English     |     Español     |     Français
Exporting to Canada - Experts in trade for developing countries - TFO Canada
HIDE
  
Sign In or Register
Username:     Password:
 
Remember me   Forgot password?
Not a member? Register here
Not a member? Register here    
Home > About TFO Canada > News

Trade News

Each day TFO Canada publishes a sample of trade news on the Canadian import market along with any new, updated or changed regulations and legislations regarding international trade; countries in which TFO Canada offers services and on the export sectors which it promotes.

 

Tanzania: Leather Industry Sets Pace for Industrial Revival

Monday, May 02, 2016 > 12:04:51
Print


(All Africa By Pius Rugonzibwa)

Implementations of the fifth phase government fresh agenda on industrialization have kicked off with a number of activities now taking place, including holding stakeholders meetings and workshops to discuss and chart best ways the ambitious agenda should reach the players.

In Mwanza last week, stakeholders and investors in one of the important sectors poised to significantly contribute to the country's economy, met for training as part of the strategies the government has initiated to approach the new envisaged drive.

Endowed with abundances in livestock and other resources, the Lake Zone regions and their Small and Medium Enterprises (SMEs) had a lot to share, as they looked forward to participating in modern investment in the Leather Industry.

Opening the training, Permanent Secretary in the Ministry of Trade, Industries and Marketing Prof Adolph Mkenda said the state was determined to revive the dead industries as well makie sure many more new ones are established.

Prof Mkenda made it clear that Tanzanian youths need now getting well prepared for the reforms in all areas in the production sectors especially those investing in the leather industry.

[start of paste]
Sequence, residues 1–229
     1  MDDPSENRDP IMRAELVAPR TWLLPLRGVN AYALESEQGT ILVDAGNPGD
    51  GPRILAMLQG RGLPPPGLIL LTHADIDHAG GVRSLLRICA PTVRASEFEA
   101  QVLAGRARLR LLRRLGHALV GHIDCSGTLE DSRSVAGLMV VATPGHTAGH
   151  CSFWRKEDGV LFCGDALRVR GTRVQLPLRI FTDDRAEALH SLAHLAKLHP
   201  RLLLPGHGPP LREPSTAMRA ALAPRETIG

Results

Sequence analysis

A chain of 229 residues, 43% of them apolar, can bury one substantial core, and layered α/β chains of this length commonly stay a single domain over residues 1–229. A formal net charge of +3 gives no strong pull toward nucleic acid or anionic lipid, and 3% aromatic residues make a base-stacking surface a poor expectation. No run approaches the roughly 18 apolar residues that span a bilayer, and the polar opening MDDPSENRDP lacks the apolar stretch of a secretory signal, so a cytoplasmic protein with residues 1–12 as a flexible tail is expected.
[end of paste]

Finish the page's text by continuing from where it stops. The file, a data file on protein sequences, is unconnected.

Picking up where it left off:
He said gone are days when few Tanzanians depended on shoddy businesses to earn dirty money, adding that the government was set to combat the malpractices in the business ventures, including putting stringent measures in promoting local manufacturers by connecting them to international markets.

"The government would like to see and promote genuine businesses with true passion in contributing to the economy and not otherwise. We are set to create genuine riches and not conmen who used to trade using fake and controversial business deals," he said.

The PS said to walk the talk, strategies are underway for the local investors to be connected to foreign markets as well as being provided with required expertise and capital to be able to compete in both local and international markets.

Prof Mkenda said the leather sub sector was one of areas that could produce the richest players in the Lake Zone and the country at large insisting already foreign investors have shown interest and are set to introduce investments in the sector.

He was of the view however that once the leather sub sector has grown enough to be able to satisfy the local market there will be no reason why Tanzania should keep on importing substandard materials like plastic footwear and other inferior leather products.

Besides promoting local investments and supporting SMEs, Prof Mkenda said his Ministry was also set to introduce special campaign that will educate Tanzanians on a need to increase consumption to the country's goods including leather products.

The sentiments by the PS was echoed by the acting Director General of the Tanzania Trade Development Authority (TANTRADE) Mr Edwin Rutageruka who said his office was determined to support the local investors in Leather as well as the Dar Es Salaam Institute of Technology (DIT) Mwanza Campus which is a center of excellence for training in Leather Technology.

"One of the challenges facing the leather sub sector was poor hides and a skin produced at the moment but my office has now launched training sessions on how to prepare quality skins ready for the production," he said.

But speaking as he closed the workshop, the Mwanza Regional Administrative Secretary Mr Clodwig Mtweve said special drive should now be directed at increasing more capacity for the local manufacturers of leather goods for the sector to increase more contribution in the local market than it was the case today.

He commended the initiative where local players in the sector are now provided with training on the best practises saying the move should be sustainably maintained to create more employment and increase its share to the economy.